We will still maintain our residence in the US for the whole 10 months that we will spend in Italy.

So according to the rules that you mentioned, she shouldn't have any problem, right?


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"TO LOVE IS NOTHING. TO BE LOVED IS SOMETHING. BUT TO BE LOVED BY THE PERSON YOU LOVE...IS EVERYTHING."

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12 hours ago, hopefulls said:

So according to the rules that you mentioned, she shouldn't have any problem, right?

Well, if you add 3 months to 10 months, plus additional trips as you mentioned, you're getting ever closer to the 18 month limit for physical presence. Also, your continuous residency is best proven by an uninterrupted lease of an apartment or continuous mortgage payments on a house that you own. If you're using a parent's or friend's address as proof that might present problems. Also, you have to worry about maintaining her green card. The guidelines set forth by USCIS state that any green card holder engaging on a trip abroad for longer than 6 months should apply for a re-entry permit or risk abandonment of the green card. I would study the USCIS website on all of the rules and guidelines associated with naturalization and green cards and make sure you're following all the rules exactly. Good luck.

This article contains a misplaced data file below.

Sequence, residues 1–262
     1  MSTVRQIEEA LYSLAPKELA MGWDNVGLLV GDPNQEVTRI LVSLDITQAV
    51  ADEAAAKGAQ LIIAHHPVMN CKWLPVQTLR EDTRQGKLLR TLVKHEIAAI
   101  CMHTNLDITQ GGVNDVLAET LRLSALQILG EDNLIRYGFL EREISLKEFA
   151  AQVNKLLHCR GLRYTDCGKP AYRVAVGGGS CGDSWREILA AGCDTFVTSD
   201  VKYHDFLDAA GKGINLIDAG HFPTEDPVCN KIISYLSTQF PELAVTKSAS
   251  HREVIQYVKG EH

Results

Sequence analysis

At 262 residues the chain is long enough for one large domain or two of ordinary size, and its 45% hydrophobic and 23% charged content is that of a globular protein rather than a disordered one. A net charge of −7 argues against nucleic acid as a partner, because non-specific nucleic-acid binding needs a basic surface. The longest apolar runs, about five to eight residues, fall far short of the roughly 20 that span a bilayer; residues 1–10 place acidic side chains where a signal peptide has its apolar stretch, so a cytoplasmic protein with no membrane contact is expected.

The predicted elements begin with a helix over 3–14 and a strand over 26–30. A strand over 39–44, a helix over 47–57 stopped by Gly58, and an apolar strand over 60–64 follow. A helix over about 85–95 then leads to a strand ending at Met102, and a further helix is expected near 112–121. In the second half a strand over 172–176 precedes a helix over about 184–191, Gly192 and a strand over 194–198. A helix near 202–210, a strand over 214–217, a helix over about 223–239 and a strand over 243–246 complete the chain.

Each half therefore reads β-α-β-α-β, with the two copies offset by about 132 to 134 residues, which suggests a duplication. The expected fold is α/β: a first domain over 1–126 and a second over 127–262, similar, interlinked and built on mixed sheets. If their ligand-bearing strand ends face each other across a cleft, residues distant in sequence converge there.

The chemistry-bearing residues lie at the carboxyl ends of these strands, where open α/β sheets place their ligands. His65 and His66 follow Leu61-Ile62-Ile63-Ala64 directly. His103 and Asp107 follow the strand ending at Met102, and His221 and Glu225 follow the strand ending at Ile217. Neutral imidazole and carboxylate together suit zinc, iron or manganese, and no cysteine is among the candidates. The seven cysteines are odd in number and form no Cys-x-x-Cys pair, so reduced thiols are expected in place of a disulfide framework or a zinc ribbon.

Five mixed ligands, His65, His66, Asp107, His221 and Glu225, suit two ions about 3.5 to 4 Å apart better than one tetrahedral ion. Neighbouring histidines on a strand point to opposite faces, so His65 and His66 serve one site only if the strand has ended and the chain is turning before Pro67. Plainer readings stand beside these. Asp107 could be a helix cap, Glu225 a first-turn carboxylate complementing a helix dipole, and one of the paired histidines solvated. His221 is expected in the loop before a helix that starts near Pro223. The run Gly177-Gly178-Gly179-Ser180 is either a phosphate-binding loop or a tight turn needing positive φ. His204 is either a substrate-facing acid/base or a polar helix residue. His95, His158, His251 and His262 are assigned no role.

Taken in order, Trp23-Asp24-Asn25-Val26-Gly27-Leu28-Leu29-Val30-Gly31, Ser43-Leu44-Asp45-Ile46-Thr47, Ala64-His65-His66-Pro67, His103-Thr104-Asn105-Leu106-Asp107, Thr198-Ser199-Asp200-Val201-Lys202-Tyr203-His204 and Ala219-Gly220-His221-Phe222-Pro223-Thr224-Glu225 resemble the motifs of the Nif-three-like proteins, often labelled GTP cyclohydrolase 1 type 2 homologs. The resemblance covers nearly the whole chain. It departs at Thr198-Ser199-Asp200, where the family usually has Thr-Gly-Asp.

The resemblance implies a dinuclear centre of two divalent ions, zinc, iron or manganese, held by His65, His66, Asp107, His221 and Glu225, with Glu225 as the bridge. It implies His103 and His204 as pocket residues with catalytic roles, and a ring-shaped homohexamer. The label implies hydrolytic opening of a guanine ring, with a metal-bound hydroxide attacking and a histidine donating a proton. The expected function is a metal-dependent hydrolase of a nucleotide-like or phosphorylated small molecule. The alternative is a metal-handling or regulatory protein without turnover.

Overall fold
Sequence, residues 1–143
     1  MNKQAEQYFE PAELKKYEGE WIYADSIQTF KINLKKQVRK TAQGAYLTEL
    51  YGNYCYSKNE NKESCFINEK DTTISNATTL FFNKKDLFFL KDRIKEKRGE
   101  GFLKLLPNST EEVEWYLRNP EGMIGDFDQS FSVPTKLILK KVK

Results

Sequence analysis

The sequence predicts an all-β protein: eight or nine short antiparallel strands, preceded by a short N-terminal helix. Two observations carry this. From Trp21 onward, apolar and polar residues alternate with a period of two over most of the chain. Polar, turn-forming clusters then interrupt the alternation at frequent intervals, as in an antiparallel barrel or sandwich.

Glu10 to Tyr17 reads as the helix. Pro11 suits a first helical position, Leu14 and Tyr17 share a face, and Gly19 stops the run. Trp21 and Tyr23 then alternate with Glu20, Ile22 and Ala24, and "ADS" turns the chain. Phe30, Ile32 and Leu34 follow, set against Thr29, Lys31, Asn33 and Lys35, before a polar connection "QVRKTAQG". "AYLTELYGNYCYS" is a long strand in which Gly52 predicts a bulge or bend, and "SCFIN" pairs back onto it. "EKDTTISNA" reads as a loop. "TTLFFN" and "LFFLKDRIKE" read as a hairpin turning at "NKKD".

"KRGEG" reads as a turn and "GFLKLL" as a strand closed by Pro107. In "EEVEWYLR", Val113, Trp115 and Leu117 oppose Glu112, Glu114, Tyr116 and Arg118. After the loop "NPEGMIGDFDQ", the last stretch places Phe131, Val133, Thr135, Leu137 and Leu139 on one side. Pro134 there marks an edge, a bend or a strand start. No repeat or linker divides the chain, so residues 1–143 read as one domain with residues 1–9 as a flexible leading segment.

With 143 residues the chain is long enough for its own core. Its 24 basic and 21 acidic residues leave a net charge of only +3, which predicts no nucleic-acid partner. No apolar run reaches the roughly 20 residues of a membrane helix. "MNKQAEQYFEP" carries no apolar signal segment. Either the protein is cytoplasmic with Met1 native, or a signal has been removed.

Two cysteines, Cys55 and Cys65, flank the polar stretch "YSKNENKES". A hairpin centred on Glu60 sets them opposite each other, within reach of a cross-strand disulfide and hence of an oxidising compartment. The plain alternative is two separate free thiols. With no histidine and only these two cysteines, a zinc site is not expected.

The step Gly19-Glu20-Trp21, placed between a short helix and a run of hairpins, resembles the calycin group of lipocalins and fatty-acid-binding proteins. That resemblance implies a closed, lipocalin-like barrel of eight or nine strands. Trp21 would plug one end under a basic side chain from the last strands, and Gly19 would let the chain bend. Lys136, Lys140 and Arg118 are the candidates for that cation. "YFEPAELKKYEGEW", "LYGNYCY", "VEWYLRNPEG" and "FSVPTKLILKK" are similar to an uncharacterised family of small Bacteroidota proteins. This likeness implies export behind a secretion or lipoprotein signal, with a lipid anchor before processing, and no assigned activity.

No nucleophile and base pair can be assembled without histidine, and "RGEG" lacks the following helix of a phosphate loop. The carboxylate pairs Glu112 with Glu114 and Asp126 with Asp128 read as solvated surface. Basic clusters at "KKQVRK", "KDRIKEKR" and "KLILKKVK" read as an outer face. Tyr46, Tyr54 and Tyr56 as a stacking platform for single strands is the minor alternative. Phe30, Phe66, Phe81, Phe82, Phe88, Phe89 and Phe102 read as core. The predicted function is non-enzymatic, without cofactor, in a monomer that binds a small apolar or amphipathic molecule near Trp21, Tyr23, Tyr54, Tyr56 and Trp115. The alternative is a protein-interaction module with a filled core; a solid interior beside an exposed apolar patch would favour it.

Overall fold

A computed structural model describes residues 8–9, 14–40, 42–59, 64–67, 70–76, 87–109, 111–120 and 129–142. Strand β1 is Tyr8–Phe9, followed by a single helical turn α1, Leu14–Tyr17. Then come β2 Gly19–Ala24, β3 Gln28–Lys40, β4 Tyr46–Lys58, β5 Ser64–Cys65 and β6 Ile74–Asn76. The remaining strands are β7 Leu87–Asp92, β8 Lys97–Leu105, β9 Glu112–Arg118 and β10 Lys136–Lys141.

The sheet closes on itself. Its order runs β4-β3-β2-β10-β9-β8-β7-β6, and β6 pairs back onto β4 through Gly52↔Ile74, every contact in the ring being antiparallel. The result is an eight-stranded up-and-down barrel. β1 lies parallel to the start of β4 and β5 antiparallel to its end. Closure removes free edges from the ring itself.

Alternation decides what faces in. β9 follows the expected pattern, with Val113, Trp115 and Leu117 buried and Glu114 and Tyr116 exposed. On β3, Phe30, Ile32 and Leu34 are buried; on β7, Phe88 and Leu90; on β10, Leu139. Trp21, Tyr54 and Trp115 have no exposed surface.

Marriage: 2014-02-23 - Colombia    ROC interview/completed: 2018-08-16 - Albuquerque
CR1 started : 2014-06-06           N400 started: 2018-04-24
CR1 completed/POE : 2015-07-13     N400 interview: 2018-08-16 - Albuquerque